The issue, however, is that you cannot enforce the deployment of liquidity to the market if the demand for this deployment does not exist. Put simply, companies need to require funding for these monetary policies to be effective. For the past few years, the demand has not matched the level of liquidity available – meaning that the cash being provided by central banks has, for the most part, not been deployed in the way it was intended. As a result, these expansive monetary policies have left the market flush with liquidity (see Figure 1).

Bank deposit levels kept at the European Central Bank (ECB) Deposit Facility

Figure 1: Bank deposit levels kept at the European Central Bank (ECB) Deposit Facility

Source: Refinitiv Eikon ECBDFU=ECBF

Deploying liquidity

So, what do rising rates and high levels of liquidity mean for banks? If you simplify the business model of a commercial bank, it is about taking deposits and deploying these as loans; and typically, the return on these loans drives the appetite to attract deposits. In last few years, however, sitting on that liquidity has not been an effective strategy for banks from a revenue perspective – as the interest rate was, at best, close to zero.

In the current rising rate environment, it has become profitable to hold liquidity – but that only holds true for banks that want to hold deposits. So, why exactly might banks not want to attract additional liquidity via current accounts?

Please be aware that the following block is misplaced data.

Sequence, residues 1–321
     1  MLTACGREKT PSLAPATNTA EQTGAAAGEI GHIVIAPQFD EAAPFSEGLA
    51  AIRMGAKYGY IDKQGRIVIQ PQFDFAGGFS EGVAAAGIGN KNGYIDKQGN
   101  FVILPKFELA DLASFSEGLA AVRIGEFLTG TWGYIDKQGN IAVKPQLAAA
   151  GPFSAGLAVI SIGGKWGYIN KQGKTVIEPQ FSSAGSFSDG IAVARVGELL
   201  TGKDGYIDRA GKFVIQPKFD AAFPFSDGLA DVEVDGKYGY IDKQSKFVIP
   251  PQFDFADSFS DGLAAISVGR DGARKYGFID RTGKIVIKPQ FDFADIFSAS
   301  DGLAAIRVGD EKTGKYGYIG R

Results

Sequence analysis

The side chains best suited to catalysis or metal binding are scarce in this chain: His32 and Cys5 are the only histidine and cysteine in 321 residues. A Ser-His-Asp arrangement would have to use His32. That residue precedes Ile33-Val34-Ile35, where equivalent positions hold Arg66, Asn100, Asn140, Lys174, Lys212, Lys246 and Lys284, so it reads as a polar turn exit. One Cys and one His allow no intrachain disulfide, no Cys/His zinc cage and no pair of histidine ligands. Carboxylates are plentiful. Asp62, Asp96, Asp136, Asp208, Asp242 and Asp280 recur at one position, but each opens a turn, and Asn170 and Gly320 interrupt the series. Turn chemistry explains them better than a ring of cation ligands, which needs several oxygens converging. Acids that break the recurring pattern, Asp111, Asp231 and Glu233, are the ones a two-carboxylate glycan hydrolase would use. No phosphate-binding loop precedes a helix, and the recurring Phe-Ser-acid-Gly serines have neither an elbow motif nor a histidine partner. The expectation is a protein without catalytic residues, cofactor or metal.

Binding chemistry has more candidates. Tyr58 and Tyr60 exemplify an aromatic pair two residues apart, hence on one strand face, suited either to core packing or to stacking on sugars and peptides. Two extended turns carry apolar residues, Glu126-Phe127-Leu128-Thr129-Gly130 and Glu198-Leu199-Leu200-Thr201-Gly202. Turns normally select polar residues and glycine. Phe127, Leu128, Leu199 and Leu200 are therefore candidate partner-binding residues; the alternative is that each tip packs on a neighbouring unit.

The funding value of deposits strongly depends on client types and the nature of the deposits. In the past, banks were able to take short-term cash deposits from clients and deposit them in long-term investments. The introduction of the Basel III regulations radically changed this practice. Today, banks can only use “sticky” operational cash – cash that is in regular use by the client – for their long-term investments. By comparison, idle cash in accounts become part of the bank’s own assets and is, in turn, held as cash by the bank in its central bank accounts.

The challenge is that there is already an excess of cash being held in central bank accounts, due to the inability to effectively deploy this liquidity in the market. And with loans and investments not expected to grow significantly, it is less favourable – from a liquidity value contribution and balance sheet management perspective – for banks to take on additional current account deposits from their clients.6 As a result, banks are looking to reduce these deposit types where possible, which is having a knock-on effect for treasurers looking to get returns on their excess cash – as current accounts with partially or even fully idle cash are no longer an efficient or effective option for this.

Koral Araskin, Head of Liquidity Solutions, Institutional Cash Management at Deutsche Bank“The trend towards reshoring and the transformation we will see in various industries has the potential to increase the demand for financing”
Koral Araskin, Head of Liquidity Solutions, Institutional Cash Management at Deutsche Bank

The environment could change going forward. In the wake of rising energy prices – precipitated by the ongoing conflict in Ukraine – governments and industries are increasingly looking to restructure how they source energy and other resources, as well as reviewing their global footprint and supply chains.